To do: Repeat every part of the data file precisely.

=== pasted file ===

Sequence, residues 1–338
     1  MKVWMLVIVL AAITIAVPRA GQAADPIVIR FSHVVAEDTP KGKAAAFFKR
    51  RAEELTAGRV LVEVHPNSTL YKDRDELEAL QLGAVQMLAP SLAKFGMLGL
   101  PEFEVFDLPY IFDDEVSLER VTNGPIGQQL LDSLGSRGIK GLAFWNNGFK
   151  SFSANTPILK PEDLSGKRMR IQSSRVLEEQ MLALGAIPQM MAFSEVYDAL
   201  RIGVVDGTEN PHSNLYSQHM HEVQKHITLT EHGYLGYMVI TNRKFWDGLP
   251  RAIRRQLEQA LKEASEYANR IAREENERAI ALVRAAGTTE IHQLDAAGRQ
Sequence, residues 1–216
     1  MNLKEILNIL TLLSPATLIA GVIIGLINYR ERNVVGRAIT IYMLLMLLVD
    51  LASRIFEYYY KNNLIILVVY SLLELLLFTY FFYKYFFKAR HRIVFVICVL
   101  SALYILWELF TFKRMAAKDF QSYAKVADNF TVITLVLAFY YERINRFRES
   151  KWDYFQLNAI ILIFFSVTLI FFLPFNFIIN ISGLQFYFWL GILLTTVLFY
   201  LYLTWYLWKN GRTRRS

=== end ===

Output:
Sequence, residues 1–338
     1  MKVWMLVIVL AAITIAVPRA GQAADPIVIR FSHVVAEDTP KGKAAAFFKR
    51  RAEELTAGRV LVEVHPNSTL YKDRDELEAL QLGAVQMLAP SLAKFGMLGL
   101  PEFEVFDLPY IFDDEVSLER VTNGPIGQQL LDSLGSRGIK GLAFWNNGFK
   151  SFSANTPILK PEDLSGKRMR IQSSRVLEEQ MLALGAIPQM MAFSEVYDAL
   201  RIGVVDGTEN PHSNLYSQHM HEVQKHITLT EHGYLGYMVI TNRKFWDGLP
   251  RAIRRQLEQA LKEASEYANR IAREENERAI ALVRAAGTTE IHQLDAAGRQ
Sequence, residues 1–216
     1  MNLKEILNIL TLLSPATLIA GVIIGLINYR ERNVVGRAIT IYMLLMLLVD
    51  LASRIFEYYY KNNLIILVVY SLLELLLFTY FFYKYFFKAR HRIVFVICVL
   101  SALYILWELF TFKRMAAKDF QSYAKVADNF TVITLVLAFY YERINRFRES
   151  KWDYFQLNAI ILIFFSVTLI FFLPFNFIIN ISGLQFYFWL GILLTTVLFY
   201  LYLTWYLWKN GRTRRS